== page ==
Register for our webinar today!
Social Media's Role in Campus Safety - What, Why, and What Now?

On Tuesday, February 21, 2017, we welcome  Dr. Gary J. Margolis , the founder and CEO of  Social Sentinel, Inc. , a digital threat alert service, to discuss social media's role in campus safety. In October 2016, the American Civil Liberties Union (ACLU) raised concerns with the largest social media services over law enforcement's use of their data to monitor users' social media posts. The ACLU's findings led several companies that allowed such monitoring to lose access to their Twitter, Facebook, and Instagram feeds, effectively putting many out of business. In this discussion, Dr. Margolis will provide insight into what happened and discuss how campus officials can receive threat alert information.
Register by Friday, February 17, 2017 to join us for  Social Media's Role in Campus Safety - What, Why, and What Now?  Our  Campus Public Safety Online webinars are free, but registration is required. We encourage registrants to sign up groups if more than one person would like to attend, as these webinars are ideal for multiple participants from one institution or organization.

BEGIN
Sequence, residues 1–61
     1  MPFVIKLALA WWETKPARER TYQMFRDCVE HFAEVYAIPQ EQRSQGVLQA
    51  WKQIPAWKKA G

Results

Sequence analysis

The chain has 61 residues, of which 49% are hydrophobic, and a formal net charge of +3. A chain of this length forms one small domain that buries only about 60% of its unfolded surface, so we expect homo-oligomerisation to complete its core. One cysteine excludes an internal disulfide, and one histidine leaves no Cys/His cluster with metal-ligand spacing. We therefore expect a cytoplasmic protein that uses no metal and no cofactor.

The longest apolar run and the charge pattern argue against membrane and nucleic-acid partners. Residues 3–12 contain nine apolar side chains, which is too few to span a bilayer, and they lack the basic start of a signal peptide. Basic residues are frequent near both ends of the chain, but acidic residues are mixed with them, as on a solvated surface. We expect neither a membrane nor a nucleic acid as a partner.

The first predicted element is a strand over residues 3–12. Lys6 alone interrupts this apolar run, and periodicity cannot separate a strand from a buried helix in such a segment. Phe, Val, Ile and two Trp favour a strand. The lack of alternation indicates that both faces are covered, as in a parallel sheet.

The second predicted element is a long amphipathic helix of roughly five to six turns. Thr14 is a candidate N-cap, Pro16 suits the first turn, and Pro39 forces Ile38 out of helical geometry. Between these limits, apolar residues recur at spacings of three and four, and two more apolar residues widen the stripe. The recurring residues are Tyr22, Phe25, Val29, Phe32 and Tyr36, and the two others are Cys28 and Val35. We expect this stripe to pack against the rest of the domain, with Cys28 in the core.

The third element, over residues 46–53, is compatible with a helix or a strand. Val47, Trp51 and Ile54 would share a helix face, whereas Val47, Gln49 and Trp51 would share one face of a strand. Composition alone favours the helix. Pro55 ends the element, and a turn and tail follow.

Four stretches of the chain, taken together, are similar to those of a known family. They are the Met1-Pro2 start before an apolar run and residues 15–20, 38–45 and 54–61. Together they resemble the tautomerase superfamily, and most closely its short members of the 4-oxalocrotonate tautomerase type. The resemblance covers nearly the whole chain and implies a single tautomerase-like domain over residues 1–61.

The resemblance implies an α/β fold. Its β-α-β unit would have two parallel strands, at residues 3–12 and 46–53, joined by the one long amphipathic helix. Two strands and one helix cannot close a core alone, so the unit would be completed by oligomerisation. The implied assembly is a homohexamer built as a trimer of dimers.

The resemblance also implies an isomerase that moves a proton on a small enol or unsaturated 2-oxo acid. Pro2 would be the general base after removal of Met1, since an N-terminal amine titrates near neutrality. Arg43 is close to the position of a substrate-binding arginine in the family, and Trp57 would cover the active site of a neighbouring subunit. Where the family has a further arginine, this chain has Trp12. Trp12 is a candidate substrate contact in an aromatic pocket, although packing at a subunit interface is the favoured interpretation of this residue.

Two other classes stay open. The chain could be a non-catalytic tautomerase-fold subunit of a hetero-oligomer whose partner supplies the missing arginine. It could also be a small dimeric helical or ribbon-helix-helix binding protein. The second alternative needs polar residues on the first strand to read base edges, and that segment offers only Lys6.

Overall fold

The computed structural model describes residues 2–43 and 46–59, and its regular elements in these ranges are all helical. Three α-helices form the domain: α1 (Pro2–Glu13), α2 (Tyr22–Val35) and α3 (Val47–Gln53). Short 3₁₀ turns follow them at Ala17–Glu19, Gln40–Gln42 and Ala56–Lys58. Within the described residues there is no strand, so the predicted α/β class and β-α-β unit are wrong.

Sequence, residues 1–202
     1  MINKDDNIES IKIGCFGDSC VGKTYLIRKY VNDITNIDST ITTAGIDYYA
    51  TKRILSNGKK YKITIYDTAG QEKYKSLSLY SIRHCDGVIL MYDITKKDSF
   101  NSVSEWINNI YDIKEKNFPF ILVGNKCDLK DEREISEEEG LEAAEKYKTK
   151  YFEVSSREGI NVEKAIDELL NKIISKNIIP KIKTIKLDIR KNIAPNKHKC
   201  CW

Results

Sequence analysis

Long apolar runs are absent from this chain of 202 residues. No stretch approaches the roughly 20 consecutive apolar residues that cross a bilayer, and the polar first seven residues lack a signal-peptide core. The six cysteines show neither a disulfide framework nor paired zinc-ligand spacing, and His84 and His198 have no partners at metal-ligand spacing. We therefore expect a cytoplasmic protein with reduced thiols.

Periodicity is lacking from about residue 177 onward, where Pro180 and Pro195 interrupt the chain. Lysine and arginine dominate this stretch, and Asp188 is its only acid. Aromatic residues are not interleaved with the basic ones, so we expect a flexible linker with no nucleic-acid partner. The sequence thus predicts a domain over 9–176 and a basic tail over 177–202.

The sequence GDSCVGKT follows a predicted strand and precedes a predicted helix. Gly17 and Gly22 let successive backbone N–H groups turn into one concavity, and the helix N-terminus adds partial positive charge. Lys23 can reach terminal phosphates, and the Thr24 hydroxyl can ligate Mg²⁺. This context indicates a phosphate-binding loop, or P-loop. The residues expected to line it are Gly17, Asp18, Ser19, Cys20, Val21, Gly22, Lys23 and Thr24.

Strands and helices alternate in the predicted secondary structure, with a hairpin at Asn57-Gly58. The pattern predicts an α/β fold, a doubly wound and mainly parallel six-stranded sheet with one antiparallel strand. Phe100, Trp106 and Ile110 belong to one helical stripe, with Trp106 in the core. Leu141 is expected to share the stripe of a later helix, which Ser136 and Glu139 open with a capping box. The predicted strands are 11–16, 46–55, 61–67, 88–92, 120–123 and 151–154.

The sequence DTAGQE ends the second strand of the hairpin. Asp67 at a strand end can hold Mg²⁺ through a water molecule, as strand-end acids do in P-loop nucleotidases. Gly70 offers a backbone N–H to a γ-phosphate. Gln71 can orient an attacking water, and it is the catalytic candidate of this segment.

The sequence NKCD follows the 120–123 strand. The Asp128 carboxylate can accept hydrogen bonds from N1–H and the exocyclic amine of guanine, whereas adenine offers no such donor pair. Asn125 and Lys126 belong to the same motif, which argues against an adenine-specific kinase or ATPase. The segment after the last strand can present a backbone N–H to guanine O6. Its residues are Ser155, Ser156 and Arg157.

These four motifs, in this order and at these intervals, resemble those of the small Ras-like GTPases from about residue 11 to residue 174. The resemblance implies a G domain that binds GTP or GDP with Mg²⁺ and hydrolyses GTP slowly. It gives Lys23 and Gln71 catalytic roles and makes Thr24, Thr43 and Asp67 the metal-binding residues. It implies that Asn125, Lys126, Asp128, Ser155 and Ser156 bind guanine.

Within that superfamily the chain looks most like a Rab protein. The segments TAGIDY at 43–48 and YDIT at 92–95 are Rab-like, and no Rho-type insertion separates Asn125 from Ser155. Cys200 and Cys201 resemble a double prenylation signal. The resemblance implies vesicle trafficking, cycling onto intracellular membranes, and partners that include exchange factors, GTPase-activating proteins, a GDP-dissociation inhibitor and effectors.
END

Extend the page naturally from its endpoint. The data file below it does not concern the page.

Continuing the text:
Access our online calendar of events.
Professional Development Opportunities

Title: Hazardous Weather Preparedness for Campuses (AWR-332)
Organization: National Disaster Preparedness Training Center
Date: February 17, 2017
Location: State University, AR
Fee: Free
Title: Social Media Tools and Techniques (PER-344)
Organization: National Disaster Preparedness Training Center
Date: March 14, 2017         
Location: Boise, ID
Fee: Free
Title: 2017 International Conference on Sexual Assault, Domestic Violence, and Systems Change
Organization: End Violence Against Women International
Dates: April 18-20, 2017
Location: Orlando, FL
Fee: Registration Fee

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Trauma-Informed Sexual Assault Investigation and Adjudication Institute
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NCCPS Publications
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This project was supported by Grant No. 2013-MU-BX-K011 awarded by the Bureau of Justice Assistance. The Bureau of Justice Assistance is a component of the Office of Justice Programs, which also includes the Bureau of Justice Statistics, the National Institute of Justice, the Office of Juvenile Justice and Delinquency Prevention, the Office for Victims of Crime, and the Office of Sex Offender Sentencing, Monitoring, Apprehending, Registering, and Tracking. Points of view or opinions in this document are those of author and do not necessarily represent the official position or policies of the US Department of Justice.